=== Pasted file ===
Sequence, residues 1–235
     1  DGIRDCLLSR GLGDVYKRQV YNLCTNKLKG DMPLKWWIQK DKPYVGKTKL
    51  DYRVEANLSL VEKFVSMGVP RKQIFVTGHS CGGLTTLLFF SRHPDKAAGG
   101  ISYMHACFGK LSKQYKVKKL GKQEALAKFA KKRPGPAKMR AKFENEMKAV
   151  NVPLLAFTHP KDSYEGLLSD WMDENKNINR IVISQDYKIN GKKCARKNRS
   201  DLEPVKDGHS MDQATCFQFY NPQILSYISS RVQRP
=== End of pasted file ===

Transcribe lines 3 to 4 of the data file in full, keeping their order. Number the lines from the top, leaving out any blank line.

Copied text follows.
    51  DYRVEANLSL VEKFVSMGVP RKQIFVTGHS CGGLTTLLFF SRHPDKAAGG
   101  ISYMHACFGK LSKQYKVKKL GKQEALAKFA KKRPGPAKMR AKFENEMKAV